I would like to thank Matt, Rene, Felix, Ana, Arie, Rudolf, Andreas and Paul and especially our customers who gave some interesting presentations about their institutes and the work they are doing there.

Endless Summer

Matt Nowell, EBSD Product Manager, EDAX

My family and I love the beach. We love to swim in the water, ride the waves, and play in the sand. Each summer we typically spend time at Sunset Beach, North Carolina. After years of seeing the cool stuff in the SEM, materials science and microscopy are always topics of discussion. This year, after enjoying the musical Hamilton, my wife was inspired to start working on a periodic table of elements rap song. My 13-year-old learned more about metalworking watching the History Channel show, Forged in Fire, where participants are challenged to make different weapons from assorted metallic sources. My favorite part was watching them evaluate different parts of a bicycle for heat-treatable steel to recycle. One of my favorite moments though was unpacking my beach shoes on the first day.

Generally, when we visit a beach, we try to bring home a shell or a piece of driftwood. However, when I was putting on my shoes for the first time, I noticed some sand was still present. My last beach trip had been to the Cayman Islands. I immediately noticed that this sand looked much different than the sand at Sunset Beach. I decided to save a little bit of each for some microscopy and microanalysis when I got back home.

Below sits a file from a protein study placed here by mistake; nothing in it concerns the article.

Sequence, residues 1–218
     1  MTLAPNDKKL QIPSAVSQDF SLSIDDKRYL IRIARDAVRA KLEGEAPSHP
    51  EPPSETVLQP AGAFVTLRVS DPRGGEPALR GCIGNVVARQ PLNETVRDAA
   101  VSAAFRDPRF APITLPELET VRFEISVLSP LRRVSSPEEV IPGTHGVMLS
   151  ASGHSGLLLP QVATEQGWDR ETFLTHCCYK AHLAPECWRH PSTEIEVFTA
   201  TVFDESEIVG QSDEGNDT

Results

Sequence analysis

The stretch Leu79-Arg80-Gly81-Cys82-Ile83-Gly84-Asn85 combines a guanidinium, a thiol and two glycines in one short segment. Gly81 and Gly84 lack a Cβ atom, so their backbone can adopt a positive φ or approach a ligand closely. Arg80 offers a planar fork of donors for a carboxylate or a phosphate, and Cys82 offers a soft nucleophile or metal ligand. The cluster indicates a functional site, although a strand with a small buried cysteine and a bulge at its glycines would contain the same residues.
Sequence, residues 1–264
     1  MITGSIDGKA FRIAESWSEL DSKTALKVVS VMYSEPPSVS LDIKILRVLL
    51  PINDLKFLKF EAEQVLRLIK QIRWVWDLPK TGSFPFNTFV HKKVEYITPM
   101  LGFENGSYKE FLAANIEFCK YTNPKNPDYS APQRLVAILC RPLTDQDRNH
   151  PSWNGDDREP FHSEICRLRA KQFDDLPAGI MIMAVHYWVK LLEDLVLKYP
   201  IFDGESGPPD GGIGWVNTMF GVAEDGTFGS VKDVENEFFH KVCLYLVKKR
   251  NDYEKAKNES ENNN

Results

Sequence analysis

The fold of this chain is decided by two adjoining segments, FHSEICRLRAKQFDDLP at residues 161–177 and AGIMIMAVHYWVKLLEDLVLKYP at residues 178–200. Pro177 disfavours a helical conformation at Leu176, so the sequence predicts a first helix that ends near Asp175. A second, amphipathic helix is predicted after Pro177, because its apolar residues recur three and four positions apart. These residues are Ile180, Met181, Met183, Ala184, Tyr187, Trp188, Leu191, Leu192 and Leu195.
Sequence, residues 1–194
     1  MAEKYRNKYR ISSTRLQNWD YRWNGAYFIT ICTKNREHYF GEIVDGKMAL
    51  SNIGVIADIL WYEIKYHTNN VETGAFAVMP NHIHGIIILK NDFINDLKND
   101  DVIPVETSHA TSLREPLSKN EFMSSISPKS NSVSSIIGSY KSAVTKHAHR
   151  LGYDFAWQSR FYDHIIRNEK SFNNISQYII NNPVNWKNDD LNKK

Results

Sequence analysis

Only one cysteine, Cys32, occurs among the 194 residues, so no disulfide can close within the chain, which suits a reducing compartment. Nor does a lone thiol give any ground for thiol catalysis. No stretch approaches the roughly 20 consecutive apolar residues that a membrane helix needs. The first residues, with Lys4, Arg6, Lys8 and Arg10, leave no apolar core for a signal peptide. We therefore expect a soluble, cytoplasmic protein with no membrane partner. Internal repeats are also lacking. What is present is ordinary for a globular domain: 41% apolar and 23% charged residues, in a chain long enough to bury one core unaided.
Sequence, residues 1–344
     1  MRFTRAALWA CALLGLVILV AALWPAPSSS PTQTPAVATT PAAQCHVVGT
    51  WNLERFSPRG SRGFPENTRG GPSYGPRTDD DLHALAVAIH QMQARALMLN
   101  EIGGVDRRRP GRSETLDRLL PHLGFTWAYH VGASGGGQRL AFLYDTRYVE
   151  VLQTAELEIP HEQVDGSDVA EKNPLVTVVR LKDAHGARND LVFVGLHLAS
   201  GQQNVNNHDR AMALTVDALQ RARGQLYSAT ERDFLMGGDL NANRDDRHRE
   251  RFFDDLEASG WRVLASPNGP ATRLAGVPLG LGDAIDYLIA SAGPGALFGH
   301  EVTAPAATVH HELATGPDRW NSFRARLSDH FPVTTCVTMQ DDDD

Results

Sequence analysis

When I looked at them both more closely, I saw that the sand from Sunset Beach (SB) on the left was much darker with black flecks, while the sand from Grand Cayman (GC) was much lighter. Thinking about the possible composition of the sand got me thinking about the bladesmithing competition held at the TMS annual meetings. One year, the team from UC Berkeley created a sword using magnetite found at local beaches using magnets. I thought it would be interesting to examine both of these sands with my SEM, EDS, and EBSD tools.

Sand grains from Sunset Beach
Sand grains from Sunset Beach.
Sand grains from Grand Cayman
Sand grains from Grand Cayman.

 

Initially I placed a bit of sand on an aluminum stub for SEM and EDS analysis. To reduce charging effects, I used the Low Vacuum capability of our FEI Teneo FEG-SEM, running at 0.1 mbar pressure. Images were collected using the Annular BackScatter (ABS) detector for atomic number contrast imaging. The sand grains from Sunset Beach were generally a little smaller than the Grand Cayman sand, as expected from visual inspection. Both sands exhibited cracking and weathering, which isn’t surprising in hindsight either. Many grains show flat surfaces, with internal structure visible with ABS imaging contrast.